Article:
Lambrusco has a bad rap. Many wine drinkers dismiss it as simple sweet commercial fizz. And perhaps much of it was, when it made its international debut in the 1960s and ‘70s. But that was a long time ago. And there’s much more to Lambrusco than many are aware.
In this webinar we will investigate the ancient origin of the Lambrusco family of grapes in an atypical growing area in the Po River valley, focusing on three of the most important, site-specific sub-varieties. We will meet some of the key producers — small and larger, new and older — and discuss some of their most interesting, representative wines employing various production methods (Tank, Ancestral, Traditional) and length of time on lees. We will also explore Traditional Balsamic Vinegar of Modena, which has its own unique production process and extended aging regimen. Aceto Balsamico Tradizionale was traditionally made by winemakers from the same vineyards and grape varieties, and therefore constitutes an additional expression of Lambrusco. Finally, we will consider how Lambrusco-based wine and vinegar complement the traditional regional cuisine and how all three reflect and express the unique culture and terroir of the area.
Alan Tardi is a wine journalist (Wine and Spirits Magazine, Wine Spectator, The New York Times, Sommelier Journal, Wine Folly), educator, and author of two award-winning books: "Romancing the Vine: Life, Love and Transformation in the Vineyards of Barolo" (St Martin's Press 2006/James Beard Award Best Wine Book of 2006) and "Champagne, Uncorked: The House of Krug and The Timeless Allure of the Worlds Most Celebrated Drink" (Hachette 2016/Gourmand Best in the World Award 2016). His interest in wine developed while working in some of New York City’s legendary restaurants and as chef-owner of his own acclaimed NYC restaurant. He lived in the Barolo village of Castiglione Falletto for over a decade, working in the vineyards and wineries and managing the town's Cantina Comunale and functioned as the first US Ambassador of Conegliano Valdobbiadene Prosecco. Alan teaches the IWS program online with the Wine Scholar Guild and is a frequent presenter at SommCon and the Society of Wine Educators annual conference. Certified Specialist of Wine (CSW), WSET Level 3, Champagne Master (WSG), Italian Wine Scholar (IWS).
Here is the list of featured wines/traditional Balsamic vinegar Alan will be referring to in his webinar in case anyone would like to taste during the webinar:
Aceto Balsamico Tradizionale di Modena Affinato (12 Years) GIUSEPPE GIUSTI giusti.it
Ciro Pirone is the Director of Italian Wines for Horizon Beverage Group and will be teaching the next online Italian Wine Scholar course beginning in February. In under 30 minutes Ciro gives us the fascinating history of Italian sparkling wine production, and discusses key points on the spumante wines of Alta Langa. We also learn about the main grapes and styles of Lambrusco, and learn important distinctions between Asti DOCG and Moscato d’Asti DOCG.
Travel through Italy's culture, food and wine scene with some of the most beloved grape varietals from North to South.
The Italian Ministry of Agriculture's list of registered grape varieties lists 494 although many say there are a lot more!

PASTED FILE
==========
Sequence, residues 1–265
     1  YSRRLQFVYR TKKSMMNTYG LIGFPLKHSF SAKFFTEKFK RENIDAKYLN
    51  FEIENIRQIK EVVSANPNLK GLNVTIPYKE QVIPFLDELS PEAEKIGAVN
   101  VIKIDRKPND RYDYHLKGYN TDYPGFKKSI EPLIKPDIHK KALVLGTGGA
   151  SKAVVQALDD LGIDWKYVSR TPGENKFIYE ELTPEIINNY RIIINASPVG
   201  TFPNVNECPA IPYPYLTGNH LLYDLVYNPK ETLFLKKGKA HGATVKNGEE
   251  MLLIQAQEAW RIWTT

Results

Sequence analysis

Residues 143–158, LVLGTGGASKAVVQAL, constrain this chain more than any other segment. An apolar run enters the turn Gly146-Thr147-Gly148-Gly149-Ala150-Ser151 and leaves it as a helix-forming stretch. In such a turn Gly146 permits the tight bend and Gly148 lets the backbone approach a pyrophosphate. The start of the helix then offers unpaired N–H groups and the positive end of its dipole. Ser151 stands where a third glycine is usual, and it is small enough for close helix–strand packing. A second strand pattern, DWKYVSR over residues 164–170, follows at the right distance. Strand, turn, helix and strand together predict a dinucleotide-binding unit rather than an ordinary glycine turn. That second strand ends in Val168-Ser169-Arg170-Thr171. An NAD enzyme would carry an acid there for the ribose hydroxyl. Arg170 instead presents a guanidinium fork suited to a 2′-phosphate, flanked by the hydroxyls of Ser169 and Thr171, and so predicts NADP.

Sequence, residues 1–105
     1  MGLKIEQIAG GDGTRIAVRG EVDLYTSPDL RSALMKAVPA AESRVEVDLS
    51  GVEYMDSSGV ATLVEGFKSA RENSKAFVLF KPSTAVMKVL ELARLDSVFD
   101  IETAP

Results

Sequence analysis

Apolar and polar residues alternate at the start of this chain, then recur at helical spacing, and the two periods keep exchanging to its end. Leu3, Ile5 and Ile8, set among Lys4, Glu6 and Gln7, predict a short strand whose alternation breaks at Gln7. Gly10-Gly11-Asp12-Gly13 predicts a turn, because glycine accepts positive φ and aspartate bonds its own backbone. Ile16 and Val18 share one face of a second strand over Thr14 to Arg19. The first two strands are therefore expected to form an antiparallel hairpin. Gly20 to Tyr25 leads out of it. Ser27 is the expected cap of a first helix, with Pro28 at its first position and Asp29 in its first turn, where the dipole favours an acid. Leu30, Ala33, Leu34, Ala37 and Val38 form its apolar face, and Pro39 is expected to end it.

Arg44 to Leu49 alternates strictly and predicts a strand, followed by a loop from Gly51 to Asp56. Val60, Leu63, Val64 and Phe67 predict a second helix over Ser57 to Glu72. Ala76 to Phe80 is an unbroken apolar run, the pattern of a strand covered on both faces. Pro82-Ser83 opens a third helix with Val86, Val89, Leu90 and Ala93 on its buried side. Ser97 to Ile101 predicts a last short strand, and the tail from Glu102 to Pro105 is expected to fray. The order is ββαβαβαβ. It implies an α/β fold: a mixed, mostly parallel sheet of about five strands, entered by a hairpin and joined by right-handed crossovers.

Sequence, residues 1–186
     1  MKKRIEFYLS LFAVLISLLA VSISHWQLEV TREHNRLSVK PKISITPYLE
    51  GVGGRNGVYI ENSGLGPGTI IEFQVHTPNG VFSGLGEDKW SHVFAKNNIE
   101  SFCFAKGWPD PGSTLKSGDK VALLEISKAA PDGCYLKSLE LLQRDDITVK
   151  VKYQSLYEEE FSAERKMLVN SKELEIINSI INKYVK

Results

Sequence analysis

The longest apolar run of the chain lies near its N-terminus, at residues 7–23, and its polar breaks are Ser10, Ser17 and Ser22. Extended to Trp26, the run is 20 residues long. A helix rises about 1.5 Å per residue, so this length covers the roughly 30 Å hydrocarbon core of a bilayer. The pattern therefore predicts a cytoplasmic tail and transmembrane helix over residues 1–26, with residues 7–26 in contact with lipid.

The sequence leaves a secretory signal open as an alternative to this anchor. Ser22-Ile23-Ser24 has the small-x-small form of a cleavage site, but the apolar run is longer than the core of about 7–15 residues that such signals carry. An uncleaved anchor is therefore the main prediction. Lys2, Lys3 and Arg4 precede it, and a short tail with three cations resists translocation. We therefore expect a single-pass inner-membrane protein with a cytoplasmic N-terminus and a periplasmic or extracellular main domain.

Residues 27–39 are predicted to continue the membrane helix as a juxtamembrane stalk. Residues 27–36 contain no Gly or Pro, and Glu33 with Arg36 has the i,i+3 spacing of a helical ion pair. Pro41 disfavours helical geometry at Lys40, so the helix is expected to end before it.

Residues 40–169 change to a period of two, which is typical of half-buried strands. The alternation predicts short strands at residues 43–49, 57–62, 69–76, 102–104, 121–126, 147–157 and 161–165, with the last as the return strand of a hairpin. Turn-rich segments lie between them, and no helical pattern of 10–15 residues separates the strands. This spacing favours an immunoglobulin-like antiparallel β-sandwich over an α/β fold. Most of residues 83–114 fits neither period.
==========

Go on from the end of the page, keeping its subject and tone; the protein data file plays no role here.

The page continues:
Ciro selected 10 that he believes strongly represent the multi-faceted Italian wine scene and tell their stories in a very unique way. From the Nebbiolo in Piemonte, Val d'Aosta and Valtellina to the Zibibbo of Pantelleria, let the journey begin!
If you just Google the names of the dishes you will find the recipes!
Ciro Pirone, Director of Italian Wines for Horizon Beverage Company, is a graduate of the Istituto Alberghiero (Hotel and Restaurant Management school) of Salerno, Italy. Traveling and working in Italy, England and the US, Ciro developed an incredible passion for wine, food and culture. After all, growing up in Italy, wine was always a very important part of his family’s lifestyle and traditions.
In 1999, Ciro moved to the US permanently. He landed in Boston, where he continued his wine studies at Boston University, the International Sommelier Guild and the London –based Wine & Spirits Educational Trust (WSET). In 2007, Ciro accepted the position of Italian Wine Specialist for Horizon Beverage. After successful growth at HBC, Ciro accepted on a new challenge as the US Brand Manager for the Arnaldo Caprai Winery of Montefalco (Umbria), the top producer of worldwide recognized Sagrantino di Montefalco. In June 2011, Ciro returned to Horizon Beverage with a new position of Director of Italian Wines in support of their expanding presence in the New England marketplace. Ciro is happy to share his passion for Italian wine and culture in an effort to give the American wine consumer a better understanding and appreciation for Italian wine!
The best way to make sense of Italian red wines is to simply start tasting them. Italy offers the perfect red wine for every occasion—from pizza on Monday to roast beef with the in-laws on Sunday.
Many of Italy's best red wines are labeled with the name of the wine appellation, often combined with the grape variety. If you've ever felt wholly overwhelmed while browsing an Italian wine section, knowing just a few key wine names will help keep your shopping trip focused and ensure that you have the perfect wine to drink at a moment's notice.
Lambrusco Family: Lambrusco represents one of the most ancient families of native grapes in Italy. In fact, it is so ancient, that a specific area of origin has not been determined. Historically, they were believed to descend from domesticated wild vines. All the Lambrusco grapes are related to each other but are considered distinct varieties. In general, the wines produced from these grapes share common features, such as high acidity, moderate alcohol and red fruit-floral aromas, however, each variety does express a distinct character, despite such similarities.